Companies

Maruti takes local route to component sourcing

Rashmi Pratap Mumbai | Updated on March 12, 2018 Published on June 17, 2013

As rupee slides, indigenisation proves the smart choice





Just about three years back, component vendors working for Maruti Suzuki would have had to use steel and machine tools imported from Japan for making auto parts. Most of the dies (used for carving out auto parts) were also designed in the island nation and brought here for making components.

It kept costs high for the car market leader, but was not pinching as the rupee was moving only in one direction — northwards. But now, with a depreciating rupee, Maruti Suzuki has been forced to embark on its biggest-ever localisation drive in a bid to keep costs under check.

Weaker rupee

A depreciating rupee hurts Maruti at two levels. It increases the outgo on royalty, which the auto giant pays to its parent Suzuki for using its technology and brand name. And, its import bill for components also goes up.

“The exchange rate is always uncertain and, therefore, the focus on our localisation programme will continue to be strong,” Maruti CFO Ajay Seth told Business Line. In FY12, import was about 26 per cent of Maruti’s net sales and it went down to 19.5 per cent in FY13. “We have a target of reducing our import content by about 8 per cent to 10 per cent over three years and we are working on that,” he added.

Localisation, however, is not an overnight process and takes time to reflect in the company’s bottomline. “Localisation is actually a total activity of investing into equipment and then manufacturing it locally. There is obviously a long gestation period,” said S. Maitra, Managing Executive Officer of supply chain at Maruti.

Maitra points out that once a decision to reduce import dependence has been taken, the real localisation happens after one-and-a-half to two years.

Typically, for a component designed abroad, Maruti has to pay on a per piece basis or make a huge upfront payment. That cost comes down substantially with indigenisation.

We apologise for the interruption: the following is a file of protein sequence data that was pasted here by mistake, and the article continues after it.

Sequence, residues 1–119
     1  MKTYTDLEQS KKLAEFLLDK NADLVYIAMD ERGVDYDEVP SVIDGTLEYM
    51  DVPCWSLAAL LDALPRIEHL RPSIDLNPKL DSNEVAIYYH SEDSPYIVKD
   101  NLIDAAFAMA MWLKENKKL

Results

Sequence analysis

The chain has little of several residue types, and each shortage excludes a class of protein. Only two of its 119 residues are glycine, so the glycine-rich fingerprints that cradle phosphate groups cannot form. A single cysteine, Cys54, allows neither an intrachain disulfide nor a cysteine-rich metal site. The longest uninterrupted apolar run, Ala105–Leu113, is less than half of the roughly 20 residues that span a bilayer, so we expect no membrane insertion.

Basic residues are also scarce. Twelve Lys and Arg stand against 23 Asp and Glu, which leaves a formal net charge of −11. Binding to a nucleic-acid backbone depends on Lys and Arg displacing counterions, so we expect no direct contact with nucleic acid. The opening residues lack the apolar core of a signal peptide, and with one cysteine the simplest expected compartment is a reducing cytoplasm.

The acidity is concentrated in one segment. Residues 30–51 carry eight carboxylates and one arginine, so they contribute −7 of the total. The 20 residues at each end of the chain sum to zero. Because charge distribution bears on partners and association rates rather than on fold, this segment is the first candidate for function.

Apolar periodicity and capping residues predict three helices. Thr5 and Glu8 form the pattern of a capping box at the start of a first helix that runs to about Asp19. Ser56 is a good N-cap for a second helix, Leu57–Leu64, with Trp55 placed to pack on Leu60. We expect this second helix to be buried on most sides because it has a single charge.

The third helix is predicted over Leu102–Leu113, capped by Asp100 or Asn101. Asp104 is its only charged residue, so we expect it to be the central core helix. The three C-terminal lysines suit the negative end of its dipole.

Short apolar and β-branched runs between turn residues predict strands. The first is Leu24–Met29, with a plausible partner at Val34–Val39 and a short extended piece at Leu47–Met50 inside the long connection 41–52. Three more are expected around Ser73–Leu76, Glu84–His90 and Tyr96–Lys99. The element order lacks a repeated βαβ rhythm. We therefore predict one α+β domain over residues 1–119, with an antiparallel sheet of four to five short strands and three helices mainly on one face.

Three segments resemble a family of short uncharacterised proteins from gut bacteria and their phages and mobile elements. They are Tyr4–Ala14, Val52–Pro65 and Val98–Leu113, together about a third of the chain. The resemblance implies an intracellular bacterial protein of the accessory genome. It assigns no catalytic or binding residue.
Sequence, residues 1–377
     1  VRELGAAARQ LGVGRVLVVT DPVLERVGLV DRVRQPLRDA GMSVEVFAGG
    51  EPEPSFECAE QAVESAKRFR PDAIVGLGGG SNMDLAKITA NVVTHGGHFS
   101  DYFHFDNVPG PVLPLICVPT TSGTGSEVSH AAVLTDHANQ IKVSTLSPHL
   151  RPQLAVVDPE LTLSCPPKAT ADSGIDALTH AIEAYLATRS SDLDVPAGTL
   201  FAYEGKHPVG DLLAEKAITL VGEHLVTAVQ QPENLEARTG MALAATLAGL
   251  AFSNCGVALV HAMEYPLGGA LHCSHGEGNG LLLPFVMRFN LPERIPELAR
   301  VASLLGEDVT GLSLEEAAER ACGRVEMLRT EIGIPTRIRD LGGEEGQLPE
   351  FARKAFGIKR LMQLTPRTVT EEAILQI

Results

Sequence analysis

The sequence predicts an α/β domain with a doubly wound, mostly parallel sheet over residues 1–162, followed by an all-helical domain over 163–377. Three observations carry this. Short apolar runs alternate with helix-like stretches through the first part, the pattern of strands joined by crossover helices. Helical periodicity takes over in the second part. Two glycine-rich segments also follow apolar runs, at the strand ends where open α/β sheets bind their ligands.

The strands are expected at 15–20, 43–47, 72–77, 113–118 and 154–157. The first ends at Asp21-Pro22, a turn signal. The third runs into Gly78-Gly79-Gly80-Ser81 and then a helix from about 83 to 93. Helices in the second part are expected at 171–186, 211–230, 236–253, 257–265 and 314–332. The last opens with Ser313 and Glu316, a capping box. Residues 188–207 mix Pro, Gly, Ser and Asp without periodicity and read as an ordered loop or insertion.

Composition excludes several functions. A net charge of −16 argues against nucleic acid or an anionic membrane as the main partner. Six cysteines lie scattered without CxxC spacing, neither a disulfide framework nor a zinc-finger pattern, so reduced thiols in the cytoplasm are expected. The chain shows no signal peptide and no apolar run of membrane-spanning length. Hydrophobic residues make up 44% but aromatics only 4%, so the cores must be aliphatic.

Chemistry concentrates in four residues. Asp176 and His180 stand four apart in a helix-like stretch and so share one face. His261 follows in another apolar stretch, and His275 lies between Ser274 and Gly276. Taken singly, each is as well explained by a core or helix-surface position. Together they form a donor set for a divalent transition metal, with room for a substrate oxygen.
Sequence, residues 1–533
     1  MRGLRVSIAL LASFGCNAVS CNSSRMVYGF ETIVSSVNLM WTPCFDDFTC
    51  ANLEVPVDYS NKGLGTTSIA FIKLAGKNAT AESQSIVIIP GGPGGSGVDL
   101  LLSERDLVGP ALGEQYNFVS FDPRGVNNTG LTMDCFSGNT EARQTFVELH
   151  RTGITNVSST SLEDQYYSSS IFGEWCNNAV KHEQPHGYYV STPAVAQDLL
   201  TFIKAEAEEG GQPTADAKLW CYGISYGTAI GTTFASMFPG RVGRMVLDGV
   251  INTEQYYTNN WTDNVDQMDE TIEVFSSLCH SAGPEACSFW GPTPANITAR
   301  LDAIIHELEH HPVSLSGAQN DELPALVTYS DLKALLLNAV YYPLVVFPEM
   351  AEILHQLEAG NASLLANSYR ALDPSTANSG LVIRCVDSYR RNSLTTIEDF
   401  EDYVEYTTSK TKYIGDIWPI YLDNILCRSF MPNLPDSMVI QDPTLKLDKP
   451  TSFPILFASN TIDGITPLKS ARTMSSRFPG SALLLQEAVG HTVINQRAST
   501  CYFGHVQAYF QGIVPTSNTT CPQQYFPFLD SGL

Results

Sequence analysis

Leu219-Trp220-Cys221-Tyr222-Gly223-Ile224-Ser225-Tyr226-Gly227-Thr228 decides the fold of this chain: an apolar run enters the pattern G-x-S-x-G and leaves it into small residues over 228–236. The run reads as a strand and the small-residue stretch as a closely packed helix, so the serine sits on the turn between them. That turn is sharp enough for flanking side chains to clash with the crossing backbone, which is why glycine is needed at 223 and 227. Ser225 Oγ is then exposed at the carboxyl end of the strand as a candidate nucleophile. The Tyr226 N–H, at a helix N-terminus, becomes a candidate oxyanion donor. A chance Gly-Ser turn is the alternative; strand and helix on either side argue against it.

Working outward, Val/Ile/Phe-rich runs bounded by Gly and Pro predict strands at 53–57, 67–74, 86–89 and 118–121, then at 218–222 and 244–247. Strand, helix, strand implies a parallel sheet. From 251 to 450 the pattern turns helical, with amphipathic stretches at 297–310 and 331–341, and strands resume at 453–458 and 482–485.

The capability to design and develop tools and dies locally also translates into the developing new models at a faster pace and lower cost due to nearness to vendors. With automation in design and manufacturing processes in FY12, Maruti achieved a cost advantage of 25-40 per cent over imported dies. (FY12 is the latest year for which audited, segment-wise numbers are available.) It is expected to achieve similar savings in FY13, for which the numbers will be put out by August-end.

And here’s how the auto giant is doing it. One, its about 250 vendors are being asked to use more local materials like steel alloy. Two, there is emphasis on using local machine tools, and three, wherever possible, components and dies are being designed in India.

For example, earlier, Maruti would ask vendors to use steel from Japan that could withstand temperatures as low as minus 30 degree Celsius. However, since India does not witness that level of cold, vendors are now using local steel to make components.

Special steel

Similarly, auto component manufacturer Shriram Pistons & Rings, which has so far been manufacturing engine valves using imported alloy, is working with Indian players to develop special grades of steel. Several models of piston pins made from steel tubes imported from Japan are also being made through the cold forging process, which requires locally available raw material, said Ashok Taneja, MD of Shriram Pistons and Rings.

“In both these cases, there is cost reduction without any change in quality standards. Also, since the prices are not affected by exchange rate fluctuations, there is no need to hold high inventory,” he added.

Auto parts maker Motherson Sumi too has localised a lot of products for Maruti. “We have started making locally some of the parts that Japan’s Sumitomo was manufacturing for Maruti,” a senior official at Motherson Sumi said.

These initiatives at Maruti are part of its ‘reforms through partnership’ programme, where any item being imported is offered to Indian component makers for manufacturing it locally. “Whoever quotes the best price is given the contract,” added a Maruti official.

Analysts said another way Maruti can protect its bottomline from forex volatility is by increasing exports. A company with exports revenue greater than imports expenses has a natural hedge from forex losses. Maruti, however, has always been a net importer – except in FY10. In fact, Maruti’s exports revenues have declined in the last three years. In FY12, Maruti exported cars worth Rs 3,691 crore, down from Rs 4,557 crore in FY10.

During the same period, company’s total forex expenses including direct imports and royalty payments jumped 69 per cent to Rs 6761.2 crore in FY12. “Maruti also needs to close this rising gap between forex expenses and forex earnings fast if it has to protect itself from the depreciating rupee,” said an analyst.

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Published on June 17, 2013
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